The results are in; Georgia Tech has told Lowndes County what they need to improve to bolster their economy. Possibly the biggest issue found in the report is a lack of on the job training and poor a work ethic among new employees right out of college.
VSU students recognize the problem themselves.
"I do feel like we need to develop a work ethic issue into the curriculum at VSU," says Brett McLemore.
The road map's solution calls for a strengthening in the co-op program at VSU. The report says only three percent of VSU students take advantage of the program, compared to about 30 percent at Georgia Tech.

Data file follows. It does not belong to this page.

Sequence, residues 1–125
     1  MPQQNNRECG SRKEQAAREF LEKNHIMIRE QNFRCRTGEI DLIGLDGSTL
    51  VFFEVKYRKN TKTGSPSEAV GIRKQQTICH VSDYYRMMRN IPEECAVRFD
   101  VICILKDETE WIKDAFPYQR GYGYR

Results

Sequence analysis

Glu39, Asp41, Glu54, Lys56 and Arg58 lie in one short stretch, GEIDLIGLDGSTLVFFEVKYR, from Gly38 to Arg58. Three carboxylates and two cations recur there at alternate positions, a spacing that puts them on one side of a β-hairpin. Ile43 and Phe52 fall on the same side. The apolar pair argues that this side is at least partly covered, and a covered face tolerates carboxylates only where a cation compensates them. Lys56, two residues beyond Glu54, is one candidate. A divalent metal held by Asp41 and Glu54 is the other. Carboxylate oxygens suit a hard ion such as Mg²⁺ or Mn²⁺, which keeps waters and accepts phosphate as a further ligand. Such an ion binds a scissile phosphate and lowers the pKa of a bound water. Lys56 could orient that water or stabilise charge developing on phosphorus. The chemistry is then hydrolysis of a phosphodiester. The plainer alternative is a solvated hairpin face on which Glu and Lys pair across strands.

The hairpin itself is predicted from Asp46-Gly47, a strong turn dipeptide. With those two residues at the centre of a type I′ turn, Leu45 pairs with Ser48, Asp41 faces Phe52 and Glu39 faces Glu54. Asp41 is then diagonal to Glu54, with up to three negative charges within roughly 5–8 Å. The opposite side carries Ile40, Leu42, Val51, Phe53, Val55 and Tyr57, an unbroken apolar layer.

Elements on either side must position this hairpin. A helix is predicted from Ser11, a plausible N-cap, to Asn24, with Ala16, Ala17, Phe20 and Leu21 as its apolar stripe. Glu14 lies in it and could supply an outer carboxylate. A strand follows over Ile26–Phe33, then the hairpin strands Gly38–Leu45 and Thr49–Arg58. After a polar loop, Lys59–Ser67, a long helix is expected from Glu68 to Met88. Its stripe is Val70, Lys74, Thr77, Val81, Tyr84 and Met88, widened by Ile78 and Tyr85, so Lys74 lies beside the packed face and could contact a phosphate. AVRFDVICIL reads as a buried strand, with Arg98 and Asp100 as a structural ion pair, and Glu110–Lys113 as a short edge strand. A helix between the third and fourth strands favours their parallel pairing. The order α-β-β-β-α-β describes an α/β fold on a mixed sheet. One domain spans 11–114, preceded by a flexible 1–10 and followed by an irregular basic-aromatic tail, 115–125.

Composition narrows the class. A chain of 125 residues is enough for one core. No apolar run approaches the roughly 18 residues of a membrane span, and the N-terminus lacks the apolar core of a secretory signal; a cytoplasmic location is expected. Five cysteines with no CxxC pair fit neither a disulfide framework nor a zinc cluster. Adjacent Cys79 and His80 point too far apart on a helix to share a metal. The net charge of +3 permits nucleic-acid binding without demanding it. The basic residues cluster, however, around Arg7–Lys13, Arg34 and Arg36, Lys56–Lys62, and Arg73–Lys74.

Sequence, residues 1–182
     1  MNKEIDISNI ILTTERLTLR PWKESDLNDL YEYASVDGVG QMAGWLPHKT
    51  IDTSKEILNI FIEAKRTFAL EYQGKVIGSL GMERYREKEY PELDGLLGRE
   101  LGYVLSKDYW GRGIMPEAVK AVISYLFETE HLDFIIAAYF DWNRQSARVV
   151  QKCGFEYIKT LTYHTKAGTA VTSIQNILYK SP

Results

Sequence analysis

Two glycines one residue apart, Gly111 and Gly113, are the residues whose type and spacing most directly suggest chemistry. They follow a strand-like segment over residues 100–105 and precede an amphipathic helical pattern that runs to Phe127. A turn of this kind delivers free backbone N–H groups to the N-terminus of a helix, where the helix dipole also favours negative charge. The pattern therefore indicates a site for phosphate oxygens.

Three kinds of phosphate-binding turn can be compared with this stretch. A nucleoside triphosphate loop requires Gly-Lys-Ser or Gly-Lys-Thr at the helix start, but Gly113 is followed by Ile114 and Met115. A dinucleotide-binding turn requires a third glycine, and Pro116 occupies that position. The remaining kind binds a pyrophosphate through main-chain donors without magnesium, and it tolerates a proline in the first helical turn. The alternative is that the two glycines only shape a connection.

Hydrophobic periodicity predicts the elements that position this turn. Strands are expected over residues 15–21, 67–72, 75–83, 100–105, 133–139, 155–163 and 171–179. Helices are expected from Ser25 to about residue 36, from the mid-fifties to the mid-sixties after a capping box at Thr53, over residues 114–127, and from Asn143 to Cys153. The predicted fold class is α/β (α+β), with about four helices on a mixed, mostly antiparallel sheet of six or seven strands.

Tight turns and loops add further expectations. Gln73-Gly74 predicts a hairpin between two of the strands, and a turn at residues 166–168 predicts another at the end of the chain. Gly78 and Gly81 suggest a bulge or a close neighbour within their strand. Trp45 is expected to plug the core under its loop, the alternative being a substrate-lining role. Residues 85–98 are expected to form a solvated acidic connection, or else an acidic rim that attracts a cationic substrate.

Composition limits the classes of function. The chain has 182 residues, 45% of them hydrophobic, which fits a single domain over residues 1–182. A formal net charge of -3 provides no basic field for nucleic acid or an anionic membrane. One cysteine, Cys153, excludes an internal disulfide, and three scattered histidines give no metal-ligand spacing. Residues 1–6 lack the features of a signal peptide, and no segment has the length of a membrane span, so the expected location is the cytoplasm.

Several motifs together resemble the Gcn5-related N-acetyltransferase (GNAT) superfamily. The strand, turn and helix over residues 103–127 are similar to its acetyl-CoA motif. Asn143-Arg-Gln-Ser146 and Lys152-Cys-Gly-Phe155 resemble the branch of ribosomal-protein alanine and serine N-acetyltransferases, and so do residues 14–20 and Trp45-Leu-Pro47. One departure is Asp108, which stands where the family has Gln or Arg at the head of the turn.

VSU vice president of student affairs Kurt Keppler explained why.
"The problem is do they have the flexibility in their schedule, the time to devote to virtually full-time employment?"
Local business leaders say their doors are open.
"We can actually train that student in a specific area that they don't normally get in the educational system at VSU or the local colleges."
The plan gives local businesses information on how to attract college level employees. It shows available programs that customize education for workers that are in high demand and short supply.
The technology road map was provided to Lowndes County free of charge.